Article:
The function declaration consists of two parts - a description of the parameters with the return type and the function body. When you define a function, you must specify the keyword “func”, the function name, the parameters to be passed, and the type of the return value. Only the function name is required.

FunctionDecl   = "func" FunctionName [Parameters] [ Result ] Block
FunctionName   = identifier 
Result         = TypeName 
Parameters     = "(" [ ParameterList ] ["..."] ")"
ParameterList  = VarList { "," VarList }
func VariadicExample(int i, int s...) int {
    int sum = i*2
    for v in s {
       sum += v
    return sum
func MyFunc(int par1 par2) int { 
    int par3 = VariadicExample(3, par1, par2, 4, 5, par1+par2)
    return (par1+par2 +par3)/3 

The final incoming parameter in a function signature may have a ‘…’ suffix. A function with such a parameter is called variadic function and may be invoked with zero or more arguments for that parameter. You get this parameter as an array of arguments. For example, int pars… means that pars is really and you can get the i-th argument with pars[i].

Run declaration

The Gentee script must contain a special function without parameters, which is defined using the keyword “run”. The script starts by calling this function. The script must have only one definition of “run”.

RunDecl = "run" [FunctionName] [ Result ] Block
run int {
    int i ret
    while i < 10 {
       ret += myFunc(i++)
    return ret


A block is a sequence of declarations and statements within curly braces. Blocks can be nested into each other.

Block = "{" StatementList "}" .
StatementList = { Statement newline } .
Statement = ReturnStmt | IfStmt | Expression | WhileStmt | VarDeclaration | ForStmt | LocalDecl |
            BreakStmt | ContinueStmt | SwitchStmt | GoStmt

Variable declarations

Any function variable must be described before it can be used. A variable declaration creates one or more variables and assign to each an initial value. A variable can be defined in any block. The scope of the variable extends to the block in which it is defined and to all nested blocks. You cannot create variables with the name of existing functions and “visible” variables. Also, the variable name must contain at least one lowercase letter, because uppercase names are used for constants. A variable declaration begins by specifying its type. There are two types of initialization - you can define a single variable with a value assigned to it or several variables of the same type with default initialization.

VarDeclaration = VarAssign | VarList
VarList = TypeName ["?"] IdentifierList
VarAssign = TypeName ["?"] identifier "=" | "&=" VarInit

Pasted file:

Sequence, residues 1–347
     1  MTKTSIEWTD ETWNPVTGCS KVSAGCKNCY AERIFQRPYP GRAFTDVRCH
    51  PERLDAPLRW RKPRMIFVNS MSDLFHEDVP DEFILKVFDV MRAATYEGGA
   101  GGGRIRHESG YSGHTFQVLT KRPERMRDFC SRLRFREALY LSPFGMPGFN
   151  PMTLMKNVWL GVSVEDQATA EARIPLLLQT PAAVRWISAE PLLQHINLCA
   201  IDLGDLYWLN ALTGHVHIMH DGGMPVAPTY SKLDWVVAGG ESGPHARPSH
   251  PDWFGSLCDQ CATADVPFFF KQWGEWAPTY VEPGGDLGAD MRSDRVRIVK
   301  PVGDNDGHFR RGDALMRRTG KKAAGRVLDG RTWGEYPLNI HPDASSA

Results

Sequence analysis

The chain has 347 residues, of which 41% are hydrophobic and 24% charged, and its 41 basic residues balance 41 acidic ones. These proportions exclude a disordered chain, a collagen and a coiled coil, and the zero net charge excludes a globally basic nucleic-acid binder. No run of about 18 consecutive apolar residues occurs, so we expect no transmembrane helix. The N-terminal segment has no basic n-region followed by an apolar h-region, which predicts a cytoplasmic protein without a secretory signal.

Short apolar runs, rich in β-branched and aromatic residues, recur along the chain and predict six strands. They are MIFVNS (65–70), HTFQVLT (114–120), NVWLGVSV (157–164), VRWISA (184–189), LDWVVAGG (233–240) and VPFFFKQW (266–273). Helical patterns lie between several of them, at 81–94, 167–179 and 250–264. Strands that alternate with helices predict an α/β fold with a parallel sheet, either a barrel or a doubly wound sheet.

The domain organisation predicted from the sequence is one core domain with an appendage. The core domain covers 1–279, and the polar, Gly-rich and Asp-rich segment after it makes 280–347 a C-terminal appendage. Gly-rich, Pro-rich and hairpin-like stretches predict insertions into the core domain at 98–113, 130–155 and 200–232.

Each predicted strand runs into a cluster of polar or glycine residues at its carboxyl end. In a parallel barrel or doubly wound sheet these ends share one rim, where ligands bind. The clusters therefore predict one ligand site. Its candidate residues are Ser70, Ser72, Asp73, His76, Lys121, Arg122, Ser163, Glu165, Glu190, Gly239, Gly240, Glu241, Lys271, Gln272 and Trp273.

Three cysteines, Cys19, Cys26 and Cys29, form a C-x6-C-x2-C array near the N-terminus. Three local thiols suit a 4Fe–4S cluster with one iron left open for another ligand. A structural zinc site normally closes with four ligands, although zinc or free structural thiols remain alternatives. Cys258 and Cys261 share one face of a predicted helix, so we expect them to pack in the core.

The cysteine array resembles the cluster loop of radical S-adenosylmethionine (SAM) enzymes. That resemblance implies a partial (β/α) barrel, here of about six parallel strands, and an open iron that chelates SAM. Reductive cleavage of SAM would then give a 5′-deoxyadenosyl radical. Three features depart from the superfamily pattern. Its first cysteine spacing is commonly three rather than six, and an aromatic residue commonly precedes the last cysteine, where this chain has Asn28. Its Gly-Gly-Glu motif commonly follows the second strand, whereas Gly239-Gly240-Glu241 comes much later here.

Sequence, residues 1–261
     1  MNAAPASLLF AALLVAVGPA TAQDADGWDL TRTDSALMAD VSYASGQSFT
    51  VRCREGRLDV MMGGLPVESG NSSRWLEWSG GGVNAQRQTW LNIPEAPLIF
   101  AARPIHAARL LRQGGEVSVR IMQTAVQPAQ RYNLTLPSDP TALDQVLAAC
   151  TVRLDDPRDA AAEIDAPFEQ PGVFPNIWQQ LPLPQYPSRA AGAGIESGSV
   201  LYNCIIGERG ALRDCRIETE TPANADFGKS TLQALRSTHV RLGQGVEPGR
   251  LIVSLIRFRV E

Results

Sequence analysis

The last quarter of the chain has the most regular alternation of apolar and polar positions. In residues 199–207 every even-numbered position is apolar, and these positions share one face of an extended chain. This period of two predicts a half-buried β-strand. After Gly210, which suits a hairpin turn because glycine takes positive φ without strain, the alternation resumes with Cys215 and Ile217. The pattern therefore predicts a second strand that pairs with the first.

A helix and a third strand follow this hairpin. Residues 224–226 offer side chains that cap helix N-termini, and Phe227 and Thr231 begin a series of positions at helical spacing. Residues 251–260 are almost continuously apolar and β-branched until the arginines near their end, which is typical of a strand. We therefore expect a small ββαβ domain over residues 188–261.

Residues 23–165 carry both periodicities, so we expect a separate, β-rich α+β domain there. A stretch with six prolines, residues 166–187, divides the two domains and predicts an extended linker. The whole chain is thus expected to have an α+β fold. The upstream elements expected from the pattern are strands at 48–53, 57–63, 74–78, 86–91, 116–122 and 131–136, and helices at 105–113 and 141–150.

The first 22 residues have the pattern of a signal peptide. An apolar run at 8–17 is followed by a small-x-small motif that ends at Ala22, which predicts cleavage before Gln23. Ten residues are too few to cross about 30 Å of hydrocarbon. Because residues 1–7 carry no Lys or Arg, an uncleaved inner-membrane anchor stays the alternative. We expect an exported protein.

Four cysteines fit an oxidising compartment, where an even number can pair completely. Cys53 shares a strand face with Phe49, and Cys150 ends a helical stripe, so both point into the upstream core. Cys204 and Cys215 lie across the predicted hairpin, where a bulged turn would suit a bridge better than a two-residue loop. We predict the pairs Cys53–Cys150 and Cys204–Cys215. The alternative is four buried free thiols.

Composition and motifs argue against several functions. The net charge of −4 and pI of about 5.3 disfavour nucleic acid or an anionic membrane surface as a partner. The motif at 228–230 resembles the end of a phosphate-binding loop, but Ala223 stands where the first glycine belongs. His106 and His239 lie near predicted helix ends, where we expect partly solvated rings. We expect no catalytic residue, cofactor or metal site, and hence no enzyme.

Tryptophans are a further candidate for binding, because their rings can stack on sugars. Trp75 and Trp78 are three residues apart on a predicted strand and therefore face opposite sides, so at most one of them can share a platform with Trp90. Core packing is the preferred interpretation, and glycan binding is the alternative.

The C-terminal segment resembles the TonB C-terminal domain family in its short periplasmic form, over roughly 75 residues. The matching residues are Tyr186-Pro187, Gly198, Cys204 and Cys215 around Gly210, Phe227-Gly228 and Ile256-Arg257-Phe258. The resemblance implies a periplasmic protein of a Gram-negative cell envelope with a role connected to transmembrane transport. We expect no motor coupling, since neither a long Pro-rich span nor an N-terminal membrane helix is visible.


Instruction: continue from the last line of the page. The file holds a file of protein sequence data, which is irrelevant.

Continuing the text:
int x y myVal
int z = myFunc(x) + y + 10
arr a &= b

You can define the optional parameters-variables by specifying ? after the variable type. If you initialize the optional parameter using the assignment operator = or &=, it will be the default value if the parameter is not defined when the function is called.
In order to pass an optional parameter when calling the function, it is necessary to specify the variable name and its value separated by a colon. Optional parameters are specified after the obligatory parameters.

func mul(int i) int {
      int ? j = 10
      return i*j

run int {
      return mul(7) + mul(5, j: 5)  // 70+25

If statement

The “if” statements begin with “if”, they can have one or more “elif” blocks and end with “else”. The statement sequentially evaluates the condition for each branch and if the condition is true, then the corresponding block executes. In this case, the remaining branches are skipped, the statement ends and the control is passed to the next command. If all branch conditions are false, then, if present, the “else” branch is executed.

IfStmt = "if" Expression Block [{ "elif" Expression Block }][ "else" Block ]
if a == 11 {
    b = 20
} else {
    c = a+b
if x > y && isOK { 
     x = 1 
} elif a > 1 {
} elif b < 10 {
    b = a
} else {x = 0}

While statement

The “while” statement is a simple loop. It specifies the repeated execution of a block as long as a boolean condition evaluates to true. If the condition is false the first time through the loop, the statements inside the loop are never executed.

WhileStmt = "while" Expression Block 
a = 0
while a < 5 {
   с += a

For statement

The “for” statement is used to iterate through all the elements of the specified object. The object must be of a type that supports indexing such as arr, map, str, buf, set, range of integers. For each entry for assigns iteration values to corresponding iteration variables if present and then executes the block. You must specify the name of the variable for iteration values and, optionally, the name of the variable for the index value.
If you want to iterate through a range of integer numbers, use the syntax as the object, where from and to are values of the integer type. This will iterate through all the numbers between from and to, including the extreme values. The initial value can be greater than the final value, in this case, the iteration value will be decreased.

ForStmt = "for" identifier [, identifier] "in" Expression Block
str dest
for ch, i in `strΔ` {
   dest += "\{i}\{ch}"
int sum
for i in 0..100 : sum += i

Switch statement